By Emma Juchau, BlueDevilHUB.com Staff–
With big-name stars like Jennifer Lawrence and Chris Pratt, “Passengers,” directed by Morten Tyldum, was bound to be good. Adventure, romance, sci-fi and difficult moral decisions are all rolled into one action-packed, suspenseful film.
In “Passengers,” 5,000 people travel in hibernation pods on the spaceship Avalon on a journey to colonize the new planet Homestead II. 30 years into the trip, however, something goes wrong. Jim Preston (Chris Pratt) wakes up 90 years too soon.
Struggling with the reality of his situation, Preston eventually decides to wake another passenger. One year after his own pod’s malfunction, Preston breaks that of Aurora Lane (Jennifer Lawrence), a writer, dooming her to share his fate.
The science behind space travel and the dangers of it are put to the test in this chilling, Titanic-like thriller. Two passengers, doomed to go down with the ship, are the only ones that can save it. Things on the ship are constantly going wrong: systems are malfunctioning, a hole in the ship is created by a meteorite that conveniently goes directly through the central computer, nevermind the two— no, three—near-death experiences Preston has, all within about 30 minutes of each other.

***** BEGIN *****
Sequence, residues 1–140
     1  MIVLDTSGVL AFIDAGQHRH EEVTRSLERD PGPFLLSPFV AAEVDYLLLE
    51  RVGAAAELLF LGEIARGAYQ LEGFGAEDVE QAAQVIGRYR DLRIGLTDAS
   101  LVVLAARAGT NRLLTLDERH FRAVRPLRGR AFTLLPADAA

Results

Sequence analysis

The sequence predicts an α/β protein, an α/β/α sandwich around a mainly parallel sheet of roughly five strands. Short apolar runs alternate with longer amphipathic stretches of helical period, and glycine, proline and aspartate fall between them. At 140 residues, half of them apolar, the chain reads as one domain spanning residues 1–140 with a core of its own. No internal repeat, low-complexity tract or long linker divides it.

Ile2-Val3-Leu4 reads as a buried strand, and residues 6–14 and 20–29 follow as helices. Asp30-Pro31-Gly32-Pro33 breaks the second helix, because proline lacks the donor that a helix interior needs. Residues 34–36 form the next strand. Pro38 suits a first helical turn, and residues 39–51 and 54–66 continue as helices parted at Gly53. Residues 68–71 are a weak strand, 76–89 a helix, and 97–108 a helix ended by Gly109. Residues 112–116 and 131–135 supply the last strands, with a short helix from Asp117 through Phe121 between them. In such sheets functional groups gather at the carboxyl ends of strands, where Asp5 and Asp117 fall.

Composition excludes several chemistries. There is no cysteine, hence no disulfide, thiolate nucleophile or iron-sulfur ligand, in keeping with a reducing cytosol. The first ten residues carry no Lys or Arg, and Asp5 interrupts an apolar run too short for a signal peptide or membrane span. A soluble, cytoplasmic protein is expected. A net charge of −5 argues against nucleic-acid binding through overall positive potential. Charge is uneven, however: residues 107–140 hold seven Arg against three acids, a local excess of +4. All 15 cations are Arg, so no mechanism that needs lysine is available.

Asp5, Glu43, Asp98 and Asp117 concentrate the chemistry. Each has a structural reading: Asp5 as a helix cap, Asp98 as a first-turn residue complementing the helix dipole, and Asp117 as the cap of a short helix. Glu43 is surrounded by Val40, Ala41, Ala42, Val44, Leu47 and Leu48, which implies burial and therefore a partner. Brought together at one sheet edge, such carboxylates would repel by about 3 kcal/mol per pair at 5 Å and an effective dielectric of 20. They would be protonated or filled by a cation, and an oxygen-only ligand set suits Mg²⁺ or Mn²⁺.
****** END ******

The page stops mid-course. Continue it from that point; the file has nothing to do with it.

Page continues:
While the plot-line appears a little skeptical, Lawrence and Pratt make it work. Perhaps it’s the skill of the actors—or just their pretty faces—that make the story come alive. The chemistry between the two actors is palpable and honest, creating a love story that is both unusual and real.
In addition, the impressive visual effects truly bring the film together in a way that adds to the terrifying reality of being alone in space. The fears create a chilling, yet real story.
Many critics seem to dislike “Passengers” largely for the difficult decision that Preston made: to wake another passenger, ending her life as she knew it. This decision, however, while scary in principle, is truly the most human reaction to being alone. Preston wrestles with the idea for months before making up his mind. While morally wrong, it’s important that viewers keep in mind the reality and weight of his situation.
Human contact is an essential part of life, and it’s difficult to even imagine a reality without it. Preston is the only living person on the Avalon, and he lives that way for an entire year, never speaking to, seeing or touching another person.
He’s indescribably lonely and that’s a situation that few of us will ever have to experience, so it’s impossible for us to imagine that we would act any differently in his situation. While his reality doesn’t excuse his actions, we as viewers can’t possibly begin to understand the feelings or thought process of Pratt’s character.
Preston’s decision is intended to make us question our own morals and put ourselves in the characters’ shoes— and it works.